It has taken 30 years, but the AMA and CMS have performed a complete overhaul of the Evaluation and Management (E/M) documentation and coding guidelines and they are set to be implemented January 1, 2021. The hope is that the burden associated with meeting the 1995 or 1997 guidelines will finally be lifted and patient care will also be improved as physicians spend less time hashing out the coding rules and more time caring for their patients.
There are over 12 dozen E/M categories, but the focus of the proposed changes is on the Office and Outpatient Visit category that includes CPT code range 99201-99215. This means that while the majority of office visit services familiar to health centers will be impacted, the other E/M services outside that code range will continue to use the existing rules for determining those service levels.
The biggest change to how services in the 99201-99215 range will be coded is the documentation of the history and/or physical exam will not be used to determine the level of service. This change is a win to providers who have long argued that the decision to determine if the history and/or physical exam is medically appropriate should be based upon clinical judgement and should not have a place in determining the service code. Further, by removing the history and/or physical exam as an element of determining the coding level, there is nothing distinguishing 99201 from 99202; therefore, CPT 99201 has been deleted.
Starting January 1, 2021, the level of service will be based upon Time or Medical Decision Making (MDM). The Time will be the Total Time spent with the patient on the actual date of service. Total Time includes face-to-face and non-face-to-face time. The activities must be provided by a physician or qualified health care professional in order for the time to be counted. This means any activities performed by clinical staff may not be included in calculating Total Time. Prolonged service codes should be used for visits that are 75 minutes or longer for new patients and for services 55 minutes or longer for established patients.
The changes to the MDM tables come in the form of clarification on the definition of the existing three elements of MDM:
- DIAGNOSES: The number and complexity of problem(s) that are addressed during the encounter.
The problem must be evaluated or managed to be considered “addressed” which includes consideration of further testing or treatment even if not elected by the patient.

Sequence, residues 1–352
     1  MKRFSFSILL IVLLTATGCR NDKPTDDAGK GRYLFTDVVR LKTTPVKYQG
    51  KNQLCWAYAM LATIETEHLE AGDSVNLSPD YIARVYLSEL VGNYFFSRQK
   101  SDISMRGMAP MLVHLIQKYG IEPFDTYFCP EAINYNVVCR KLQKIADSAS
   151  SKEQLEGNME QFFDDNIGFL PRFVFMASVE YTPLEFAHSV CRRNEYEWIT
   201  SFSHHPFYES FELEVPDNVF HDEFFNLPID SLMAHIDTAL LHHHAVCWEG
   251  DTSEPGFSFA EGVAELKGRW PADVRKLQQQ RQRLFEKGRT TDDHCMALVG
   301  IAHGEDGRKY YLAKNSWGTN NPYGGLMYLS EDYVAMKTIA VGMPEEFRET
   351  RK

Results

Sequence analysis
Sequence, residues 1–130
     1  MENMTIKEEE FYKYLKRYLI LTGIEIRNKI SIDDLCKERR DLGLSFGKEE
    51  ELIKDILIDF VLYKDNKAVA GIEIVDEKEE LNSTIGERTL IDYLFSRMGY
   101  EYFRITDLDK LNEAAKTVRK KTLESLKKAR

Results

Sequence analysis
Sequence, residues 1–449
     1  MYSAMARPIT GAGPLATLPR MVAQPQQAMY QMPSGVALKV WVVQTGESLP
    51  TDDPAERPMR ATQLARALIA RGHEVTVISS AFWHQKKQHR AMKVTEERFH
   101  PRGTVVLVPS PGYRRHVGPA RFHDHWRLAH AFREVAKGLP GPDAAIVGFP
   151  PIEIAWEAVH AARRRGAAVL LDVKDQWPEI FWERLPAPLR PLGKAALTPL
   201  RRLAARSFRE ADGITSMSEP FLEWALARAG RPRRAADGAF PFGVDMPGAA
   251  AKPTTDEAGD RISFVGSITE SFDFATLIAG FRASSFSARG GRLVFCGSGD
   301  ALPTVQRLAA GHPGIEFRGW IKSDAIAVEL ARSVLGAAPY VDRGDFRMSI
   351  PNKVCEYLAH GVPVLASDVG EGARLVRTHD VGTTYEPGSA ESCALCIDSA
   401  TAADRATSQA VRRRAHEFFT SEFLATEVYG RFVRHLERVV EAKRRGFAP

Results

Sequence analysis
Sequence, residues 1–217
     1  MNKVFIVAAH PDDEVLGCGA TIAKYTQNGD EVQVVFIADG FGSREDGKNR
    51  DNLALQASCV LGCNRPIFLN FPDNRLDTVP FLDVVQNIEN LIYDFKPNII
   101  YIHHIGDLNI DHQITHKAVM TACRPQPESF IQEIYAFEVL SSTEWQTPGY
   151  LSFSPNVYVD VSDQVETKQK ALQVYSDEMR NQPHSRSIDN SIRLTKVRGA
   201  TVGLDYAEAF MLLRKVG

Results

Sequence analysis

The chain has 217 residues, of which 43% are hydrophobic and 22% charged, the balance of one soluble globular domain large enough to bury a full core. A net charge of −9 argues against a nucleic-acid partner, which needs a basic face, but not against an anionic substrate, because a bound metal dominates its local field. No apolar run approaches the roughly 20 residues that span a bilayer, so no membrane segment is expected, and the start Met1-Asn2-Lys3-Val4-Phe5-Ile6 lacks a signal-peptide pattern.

- DATA: The amount and/or complexity of data to be reviewed and analyzed. Data is defined as tests, documents, orders or gathering of data from independent historian(s). Each test ordered or reviewed separately may now be counted individually. For example, multiple labs were counted as one but now they will be counted individually. Providers need to remember to document what was ordered and why it was ordered. Any interpretations of data should continue to be documented as well. As always, an order a provider writes and interpreted will still be counted just once.
- RISK: The risk of complications, morbidity, and/or mortality of patient management decisions made at the visit, associated with the patient’s problem(s), the diagnostic procedure(s), treatment(s). Risk has not changed but the definition has been expanded to those care management options that are considered by not selected after sharing medical decision making with the patient.
Here is what the decision tables for service leveling will look like on January 1, 2021.
E/M Level Selection Table: New Patients
|Time in Minutes
|No longer determines level of service. Document based upon medically appropriate clinical judgement.
E/M Level Selection Table: Established Patients
|Time in Minutes
|N/A: Visit level does not require a physician or QHCP
|No longer determines level of service. Document based upon medically appropriate, clinical judgement.
Preparing now will be the key to success. Here are some tips to start health centers off:
- Run a frequency report by code to see where the health center is performing now. Perhaps looking at last year’s dates – prior to the COVID19 Public Health Emergency – would be most relevant.
- Assess the current documentation processes used now to determine E/M visit levels. Health centers can review those levels across the practice and/or by provider.
- Review a sample of charts to see how levels may change under time-based documentation or the MDM method.
- Identify gaps in documentation that support each method.
- If providers are considering Total Time, clock a sample of visits by activity to determine if it’s easy or challenging to capture time elements across various activities of the date of service.
- Meet with the EMR/EHR vendor to discuss possible enhancements to documentation tools to capture elements of time on the date of service and/or MDM.
- Continue to follow the health center’s MAC and the AMA for changes.
- Read and understand the Final Rule when it is released later in 2020.
Reference sources used for this blog: